People who skip are more likely to have dangerous plaque buildup in their arteries, which puts them at increased risk for cardiovascular disease, according to a new study.
Skipping breakfast has been associated with being heavier and having higher cholesterol levels. But the new study, published in the Journal of the American College of Cardiology, linked it to the early stages of atherosclerosis, or the hardening and narrowing of arteries.
For the study, researchers analyzed dietary data from more than 4,000 men and women, ages 40 to 54, living in Spain. The people were then split into three groups, based on how many calories they had for their morning meal: less than 5%, between 5 and 20% or more than 20%.
Only about 3% of people fell into the first category, meaning they skipped breakfast entirely and only had coffee, juice or another beverage. The majority—about 69%—ate low-calorie breakfasts (like toast or small pastries), while the remaining 28% ate larger, substantial meals. The researchers didn’t further analyze each group’s breakfast breakdown, but it’s likely that the larger meals most closely represented what nutrition experts generally recommend for the first meal of the day: more whole grains, protein, healthy fats and fruits and fewer refined grains and added sugars.
Being in the first two categories—either skipping or skimping on breakfast—was associated with several risk factors for heart disease. People who ate less than 5% of their daily calories at breakfast were 2.5 times as likely to have generalized atherosclerosis—meaning their arteries had early signs of plaque in different locations—compared with those who ate the largest breakfasts. Those who had low-calorie breakfasts were at increased risk for early signs of plaque in their arteries, as well.
On average, people who skipped breakfast also had the greatest waist circumference and the highest body mass index, blood pressure, cholesterol and fasting glucose levels.
The study could not show a cause-and-effect relationship between skipping breakfast and any of these measures. In fact, the authors point out that people who skipped breakfast also tended to have more unhealthy lifestyles overall, including poor diets, frequent alcohol consumption and smoking. They were also more likely to be overweight or obese, so it’s possible that they didn’t eat breakfast as a strategy to lose weight.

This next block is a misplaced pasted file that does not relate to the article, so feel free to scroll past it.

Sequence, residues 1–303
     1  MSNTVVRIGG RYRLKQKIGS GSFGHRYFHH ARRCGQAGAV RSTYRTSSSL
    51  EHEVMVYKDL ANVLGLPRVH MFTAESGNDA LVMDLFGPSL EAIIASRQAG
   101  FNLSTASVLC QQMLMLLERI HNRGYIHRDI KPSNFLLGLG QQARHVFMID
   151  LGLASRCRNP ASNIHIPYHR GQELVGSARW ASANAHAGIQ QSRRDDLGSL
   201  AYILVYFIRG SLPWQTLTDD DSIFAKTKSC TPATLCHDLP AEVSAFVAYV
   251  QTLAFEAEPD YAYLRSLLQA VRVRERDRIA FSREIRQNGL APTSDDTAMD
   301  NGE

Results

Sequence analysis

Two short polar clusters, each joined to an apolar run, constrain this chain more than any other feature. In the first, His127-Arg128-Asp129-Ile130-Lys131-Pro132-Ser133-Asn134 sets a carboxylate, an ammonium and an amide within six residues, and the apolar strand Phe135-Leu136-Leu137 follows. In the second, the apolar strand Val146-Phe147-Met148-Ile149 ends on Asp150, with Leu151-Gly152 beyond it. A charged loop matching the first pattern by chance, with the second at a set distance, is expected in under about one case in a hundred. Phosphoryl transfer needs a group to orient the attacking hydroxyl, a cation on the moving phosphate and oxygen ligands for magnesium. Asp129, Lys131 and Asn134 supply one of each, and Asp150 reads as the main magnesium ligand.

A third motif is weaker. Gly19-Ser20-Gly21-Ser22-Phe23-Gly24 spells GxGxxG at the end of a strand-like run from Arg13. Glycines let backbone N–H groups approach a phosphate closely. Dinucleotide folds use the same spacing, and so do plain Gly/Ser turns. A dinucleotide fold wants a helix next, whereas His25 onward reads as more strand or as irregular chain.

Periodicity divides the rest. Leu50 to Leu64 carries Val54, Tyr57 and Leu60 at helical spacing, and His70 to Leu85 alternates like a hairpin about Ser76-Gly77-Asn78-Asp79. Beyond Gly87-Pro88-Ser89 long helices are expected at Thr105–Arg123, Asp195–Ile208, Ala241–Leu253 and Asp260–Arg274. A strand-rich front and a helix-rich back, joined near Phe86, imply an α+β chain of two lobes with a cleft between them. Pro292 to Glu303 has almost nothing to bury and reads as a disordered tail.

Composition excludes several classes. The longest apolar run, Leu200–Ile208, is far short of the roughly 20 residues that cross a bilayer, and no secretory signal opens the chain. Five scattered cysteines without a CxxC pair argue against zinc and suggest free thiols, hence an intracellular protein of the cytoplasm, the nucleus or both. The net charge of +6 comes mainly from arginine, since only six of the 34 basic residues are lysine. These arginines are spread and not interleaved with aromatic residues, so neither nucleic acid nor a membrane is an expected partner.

But even when the authors adjusted for age, gender, smoking, drinking, cholesterol levels, waist circumference and daily intake of red meat and salt, the associations between breakfast-skipping and plaque remained—“suggesting that indeed skipping breakfast could be one of the risk factors clustering around the early onset and development of atherosclerosis,” the authors wrote in their paper.
In an accompanying editorial, researchers from the University of California, San Francisco, and the National Heart, Lung and Blood Institute wrote that skipping breakfast can cause hormonal imbalances and alter circadian rhythms, and that it can also contribute to people eating more calories—and more unhealthy foods—later in the day.
“The important message of this study, as pointed out by the authors, is that skipping breakfast serves as a marker of poor dietary and lifestyle choices that are linked to subclinical atherosclerosis,” they wrote in the paper.
The editorial authors write that educating the public about simple lifestyle changes—including an emphasis on a regular, hearty and nutritious breakfast—can help “curb the oncoming tsunami” of diabetes and cardiovascular disorders. “Indeed, the wisdom of the ages that breakfast is the most important meal of the day has been proven right in the light of emerging evidence,” they concluded.
This article originally appeared on Time.com